Closing the right candidate really requires little or no sales ability whatsoever and is remarkably simple. Really. Read more »
How to Hire the Best Candidate: Get Out of Your Own Way
By Shannon Tinker
Last month, I offered some pre-resume reviewing steps for preserving time and sanity during the hiring process. Hiring isn’t rocket science. You get approval, decide what you want and need and then go about finding “It.” What’s surprising is what happens when you do find “It.” Managers make tough decisions daily, yet when faced with a viable candidate they don’t always make their move.
Even veteran managers accumulate reasons for why they shouldn’t extend a job offer to the right candidate. I’m not suggesting that you should jump on any candidate with Java on his resume and a pulse. (This isn’t 1999!) But it is interesting and heartbreaking when “best practices” and fear get in the way of hiring your next star employee. Read more »
Holiday Rush – The Yearend is Busy!
By Joanna Edwards, Executive Recruiter, High Tech Sales & Marketing Division Manager
As I write this, a beautiful snowfall blankets Sun Valley, Christmas music is playing and eighteen resumes were in my inbox prior to 6am MST. It can only mean one thing: yearend is approaching. We are just weeks away from January 1st and in the world of recruiting it is typically our busiest time of year for a multitude of reasons.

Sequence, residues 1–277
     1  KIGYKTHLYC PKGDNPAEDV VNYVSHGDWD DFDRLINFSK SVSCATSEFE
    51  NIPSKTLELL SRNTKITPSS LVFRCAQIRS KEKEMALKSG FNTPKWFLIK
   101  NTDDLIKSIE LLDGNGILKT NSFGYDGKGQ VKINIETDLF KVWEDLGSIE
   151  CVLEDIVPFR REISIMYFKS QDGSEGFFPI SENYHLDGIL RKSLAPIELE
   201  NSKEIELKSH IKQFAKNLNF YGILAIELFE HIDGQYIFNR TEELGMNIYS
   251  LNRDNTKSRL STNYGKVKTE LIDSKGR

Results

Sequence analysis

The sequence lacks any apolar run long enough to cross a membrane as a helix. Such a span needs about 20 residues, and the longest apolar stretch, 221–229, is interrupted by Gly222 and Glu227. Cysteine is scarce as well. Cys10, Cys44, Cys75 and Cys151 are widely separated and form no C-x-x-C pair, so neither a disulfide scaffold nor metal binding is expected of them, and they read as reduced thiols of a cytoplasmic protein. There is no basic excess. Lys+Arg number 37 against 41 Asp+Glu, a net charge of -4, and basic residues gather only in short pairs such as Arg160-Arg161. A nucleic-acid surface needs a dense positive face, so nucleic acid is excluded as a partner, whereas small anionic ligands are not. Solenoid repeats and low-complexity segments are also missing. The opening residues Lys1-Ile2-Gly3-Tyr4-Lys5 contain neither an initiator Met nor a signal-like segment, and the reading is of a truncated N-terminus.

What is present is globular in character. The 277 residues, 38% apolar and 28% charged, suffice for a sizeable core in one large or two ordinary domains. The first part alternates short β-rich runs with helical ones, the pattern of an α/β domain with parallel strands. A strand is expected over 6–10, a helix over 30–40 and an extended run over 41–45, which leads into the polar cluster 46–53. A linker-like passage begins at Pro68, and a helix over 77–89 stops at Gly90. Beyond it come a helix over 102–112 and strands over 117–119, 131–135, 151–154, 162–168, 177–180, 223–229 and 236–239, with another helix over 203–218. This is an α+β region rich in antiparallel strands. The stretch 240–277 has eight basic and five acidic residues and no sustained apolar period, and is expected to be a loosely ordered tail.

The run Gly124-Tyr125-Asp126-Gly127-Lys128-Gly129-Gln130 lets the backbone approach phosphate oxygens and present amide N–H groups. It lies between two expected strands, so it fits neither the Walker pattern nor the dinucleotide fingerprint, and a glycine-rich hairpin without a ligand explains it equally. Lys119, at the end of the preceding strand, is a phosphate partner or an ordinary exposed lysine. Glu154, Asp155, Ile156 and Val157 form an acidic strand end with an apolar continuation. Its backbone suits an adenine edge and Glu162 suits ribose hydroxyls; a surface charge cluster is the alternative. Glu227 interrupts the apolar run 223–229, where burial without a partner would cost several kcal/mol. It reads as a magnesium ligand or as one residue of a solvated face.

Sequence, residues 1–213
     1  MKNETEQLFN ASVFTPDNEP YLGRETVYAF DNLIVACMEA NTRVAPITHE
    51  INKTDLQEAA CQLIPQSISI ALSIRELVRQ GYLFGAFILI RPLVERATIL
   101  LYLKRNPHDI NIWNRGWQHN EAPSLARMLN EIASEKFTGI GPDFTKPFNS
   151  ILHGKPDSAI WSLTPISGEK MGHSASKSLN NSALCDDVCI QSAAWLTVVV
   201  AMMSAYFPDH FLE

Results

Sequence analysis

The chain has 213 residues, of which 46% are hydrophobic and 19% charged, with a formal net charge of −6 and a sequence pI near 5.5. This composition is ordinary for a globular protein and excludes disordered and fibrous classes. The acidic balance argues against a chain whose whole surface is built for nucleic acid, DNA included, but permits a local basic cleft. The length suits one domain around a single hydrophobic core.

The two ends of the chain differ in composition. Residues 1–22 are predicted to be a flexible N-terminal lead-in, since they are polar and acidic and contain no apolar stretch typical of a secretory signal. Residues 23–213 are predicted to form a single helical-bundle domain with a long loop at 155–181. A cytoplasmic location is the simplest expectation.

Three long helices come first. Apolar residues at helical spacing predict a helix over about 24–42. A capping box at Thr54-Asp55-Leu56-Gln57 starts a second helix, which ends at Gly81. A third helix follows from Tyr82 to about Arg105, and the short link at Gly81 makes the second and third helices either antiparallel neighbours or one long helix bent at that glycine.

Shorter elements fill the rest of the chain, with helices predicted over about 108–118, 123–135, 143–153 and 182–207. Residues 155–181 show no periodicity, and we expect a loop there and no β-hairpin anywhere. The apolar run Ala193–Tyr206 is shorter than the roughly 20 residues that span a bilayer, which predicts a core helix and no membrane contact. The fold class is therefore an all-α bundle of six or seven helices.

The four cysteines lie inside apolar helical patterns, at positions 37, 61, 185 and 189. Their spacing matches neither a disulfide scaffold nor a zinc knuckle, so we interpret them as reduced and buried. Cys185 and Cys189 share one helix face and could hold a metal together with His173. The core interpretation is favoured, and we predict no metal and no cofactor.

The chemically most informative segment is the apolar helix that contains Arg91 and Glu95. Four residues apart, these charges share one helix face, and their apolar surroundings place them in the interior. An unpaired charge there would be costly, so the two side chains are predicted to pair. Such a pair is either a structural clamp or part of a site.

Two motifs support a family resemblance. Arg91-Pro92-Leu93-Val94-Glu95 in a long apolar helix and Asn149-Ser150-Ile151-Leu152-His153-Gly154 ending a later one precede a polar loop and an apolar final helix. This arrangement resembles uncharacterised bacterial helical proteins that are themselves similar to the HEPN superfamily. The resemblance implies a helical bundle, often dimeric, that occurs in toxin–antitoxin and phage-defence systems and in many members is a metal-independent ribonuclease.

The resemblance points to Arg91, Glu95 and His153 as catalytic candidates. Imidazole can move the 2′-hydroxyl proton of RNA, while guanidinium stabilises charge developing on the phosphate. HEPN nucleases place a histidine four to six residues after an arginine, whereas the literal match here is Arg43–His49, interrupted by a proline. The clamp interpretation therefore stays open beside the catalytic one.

First, many companies and/or hiring managers have a specific number of open roles they must fill prior to EOY, or they lose the open requisitions, or worse their MBO or an equivalent monetary sum. Read more »
There are many ways to job search, and certainly the more avenues that are explored and doors knocked on, the greater number of opportunities you will find. Obviously you need your resume polished and ready. Next, develop a list of the companies you’d like to work for. Now get in touch! Read more »
Credentials? Qualifications? Well, what sort of professional development have you done lately? In today’s uber-competitive, ever specialized workplace having an additional set of skills is absolutely critical for career advancement. Whether it’s LLM, PMP, CCIE or MBA, the acronyms can be dizzying but from my vantage point it takes certified, specialized knowledge and training to really pass muster these days. Read more »